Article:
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Black Magic goes Public in Bali

by Bodrek Arsana
In many homes in Bali, the mere mention of the word ‘léak’—meaning shape-shifting sorcerers or black magic practitioners—is taboo. But something is changing; léak are becoming stars of stage and screen. Bodrek Arsana tracks this new development.
Bali, like it says in the guidebooks, is an island filled with magic and mystery. It’s not difficult to see how this reputation has flourished. The island is fertile ground for supernatural phenomena; both the creative and destructive aspects of deity—including God (Sanghyang Widhi Wasa), gods (bhatara dewata), spirits (makhluk halus) and the forces of the underworld (bhuta kala)—are in constant interaction with the human world and are respected, appeased and worshipped through ritual and artistic performance.

One of the basic tenets of Balinese religion is Rwa Bhineda (rwa means ‘two’ and bhineda means ‘different’), which maintains that pairings of complementary opposites, neither of which can exist independently, are necessary to achieve balance and harmony in the world. The usual examples given are black/white; day/night and good/evil: none has real meaning without the presence of its partner. The performance of Calonarang—a nocturnal, exorcistic dance-drama, traditionally performed to counter plagues and epidemics—epitomises the symbolism of Rwa Bhineda. The stars of Calonarang include Rangda, a masked manifestation of the widow, Dirah, often said to be the leader of léak; Celuluk, one of Rangda’s key followers; and the Matah Gede, men who volunteer to take on the role of corpses (their souls are temporarily held in limbo) at the end of the performance and test their resolve by spending the night in the local cemetery to prove that they can survive until morning. The performance of Calonarang also serves to summon léak—tremendously powerful, shape-shifting sorcerers—to come out into the night and challenge the strength of these vulnerable humans.

Ilmu putih
Clearly, to be involved with these performances calls for a special kind of person, someone who has magical powers or potency (sakti or kesaktian). They need special kinds of esoteric knowledge (ilmu) to participate safely. Although they are not necessarily léak themselves, they must have knowledge of sorcery (peng-léak-an). In keeping with the principle of Rwa Bhineda, successful use of peng-léak-an requires the mastery of both ‘black magic’ (ilmu hitam, also known as ilmu pengiwa or ‘left-sided’ knowledge) and ‘white magic’ (ilmu putih, also known as ilmu panengan or ‘right-sided’ knowledge). It is difficult to separate these two practices, as they are studied simultaneously. People who have mastered both are considered to be sakti; they have the power both to hurt and to heal.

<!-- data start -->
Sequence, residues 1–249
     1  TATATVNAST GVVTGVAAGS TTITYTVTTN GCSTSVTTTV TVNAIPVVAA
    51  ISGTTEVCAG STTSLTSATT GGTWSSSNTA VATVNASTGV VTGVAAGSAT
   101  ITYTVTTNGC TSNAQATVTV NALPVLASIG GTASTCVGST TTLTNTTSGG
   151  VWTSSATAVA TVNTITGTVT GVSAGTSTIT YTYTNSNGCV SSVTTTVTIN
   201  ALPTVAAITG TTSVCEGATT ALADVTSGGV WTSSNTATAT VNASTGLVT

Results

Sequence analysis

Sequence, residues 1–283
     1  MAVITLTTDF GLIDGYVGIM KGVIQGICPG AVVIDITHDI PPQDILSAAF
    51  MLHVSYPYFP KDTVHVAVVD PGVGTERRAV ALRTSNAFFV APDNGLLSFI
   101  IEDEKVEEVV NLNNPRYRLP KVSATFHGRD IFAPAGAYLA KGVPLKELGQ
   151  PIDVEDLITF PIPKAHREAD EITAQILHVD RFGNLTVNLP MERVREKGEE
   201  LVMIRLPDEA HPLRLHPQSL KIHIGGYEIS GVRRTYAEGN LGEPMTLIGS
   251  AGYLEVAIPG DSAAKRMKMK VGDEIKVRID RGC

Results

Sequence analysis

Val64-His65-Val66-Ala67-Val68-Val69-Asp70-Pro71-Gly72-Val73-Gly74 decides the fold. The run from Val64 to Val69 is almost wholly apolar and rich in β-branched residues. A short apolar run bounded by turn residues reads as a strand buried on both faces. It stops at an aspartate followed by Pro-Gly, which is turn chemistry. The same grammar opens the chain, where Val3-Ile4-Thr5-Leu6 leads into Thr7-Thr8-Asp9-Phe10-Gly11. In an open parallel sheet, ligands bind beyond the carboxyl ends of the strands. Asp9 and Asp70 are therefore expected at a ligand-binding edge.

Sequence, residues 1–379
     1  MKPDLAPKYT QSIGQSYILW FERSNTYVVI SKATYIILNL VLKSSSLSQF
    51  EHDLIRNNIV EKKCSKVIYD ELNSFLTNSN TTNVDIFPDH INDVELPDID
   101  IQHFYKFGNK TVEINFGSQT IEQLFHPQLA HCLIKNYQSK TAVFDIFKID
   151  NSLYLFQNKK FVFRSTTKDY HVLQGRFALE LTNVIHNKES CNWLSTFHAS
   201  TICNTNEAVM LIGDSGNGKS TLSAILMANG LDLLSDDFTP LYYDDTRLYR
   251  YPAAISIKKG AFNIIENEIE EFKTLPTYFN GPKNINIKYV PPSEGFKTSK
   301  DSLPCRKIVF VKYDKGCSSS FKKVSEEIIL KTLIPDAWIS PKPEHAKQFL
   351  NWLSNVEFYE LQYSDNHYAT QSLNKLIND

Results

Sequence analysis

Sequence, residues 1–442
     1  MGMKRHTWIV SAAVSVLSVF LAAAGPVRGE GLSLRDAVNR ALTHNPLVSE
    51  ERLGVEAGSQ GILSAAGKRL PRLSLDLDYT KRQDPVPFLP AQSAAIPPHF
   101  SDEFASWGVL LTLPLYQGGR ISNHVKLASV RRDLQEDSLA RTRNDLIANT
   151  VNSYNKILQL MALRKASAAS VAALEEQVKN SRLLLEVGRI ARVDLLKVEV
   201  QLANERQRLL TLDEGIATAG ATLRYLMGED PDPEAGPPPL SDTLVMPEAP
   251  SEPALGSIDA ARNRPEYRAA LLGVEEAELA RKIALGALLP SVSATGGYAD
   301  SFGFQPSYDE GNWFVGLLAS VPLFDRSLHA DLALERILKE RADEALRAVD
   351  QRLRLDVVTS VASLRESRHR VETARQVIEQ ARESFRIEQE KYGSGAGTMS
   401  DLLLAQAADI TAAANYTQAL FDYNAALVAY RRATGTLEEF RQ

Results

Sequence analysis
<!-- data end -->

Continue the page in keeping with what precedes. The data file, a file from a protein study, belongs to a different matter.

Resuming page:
But, for many Balinese people, just hearing the word ‘léak’ makes their hair stand on end with fear. When I was a child, my parents and older siblings used to scare me with léak stories if I was behaving badly. If I was crying too much, for example, they’d say: “If you keep howling like that, the léak will come looking for you.” As soon as they uttered the word ‘léak’ I’d automatically shut up and, to this day, it remains unutterable in some households. It is often assumed that léak are the cause of babies’ night-time crying: the tears mean the child is being bothered by visits from witches. Sickness and death are also often blamed on sorcerers: people say that the victim has been devoured by léak (“orang itu mati karena amah léak”). When I was small, my friends and I often ran, screaming, away from old women with long hair and dirty faces; it was said that old women like these were capable of turning into léak (nge-léak) and liked to eat little children.

The general idea was that léak were ugly and ferocious-looking, but it wasn’t always easy to recognise a léak in the street. One aspect of peng-léak-an is the ability to shape-shift: léak can transform themselves into dogs, monkeys, cremation towers or any other kind of object that serves their purpose. Often, they manifest as strange, flying balls of light. They can travel huge distances and suddenly appear or disappear at will. Naturally, they’ve acquired a malign reputation.
And it wasn’t just children who were frightened of léak; adults were also terrified and would avoid the places favoured by léak. Cemeteries, usually situated at the edge of the village, are eerie places overhung with trees; they are said to be strategic nocturnal meeting grounds for practitioners of peng-léak-an. Kajeng Kliwon Enyitan (a potent conjunction of dates in the Balinese calendar when special offerings must be made to appease the bhuta kala in the underworld) is a time when léak become particularly active—this is when Dewi Durga (the ferocious form of Uma, consort of Siwa) is believed to be most active on earth.

In my village, people said to be léak are stigmatised. They can get on with daily life, but are marginalised and treated with suspicion. Although léak can be either male or female, it is mainly women, especially widows, who are stigmatised in this way. When I was small, I had a friend called Ni Ketut Sari. In my circle of friends, Sari was often an object of ridicule. This was not just general bullying; they mocked her because she was the child of a léak (pianak léak) and peng-léak-an is hereditary. According to local gossip, not only her mother, Ni Wayan Ranti (46), but also her seventy-six-year-old grandmother, Ni Ketut Sempi, and two aunts, Ni Made Parti and Ni Nyoman Sarti, used sorcery.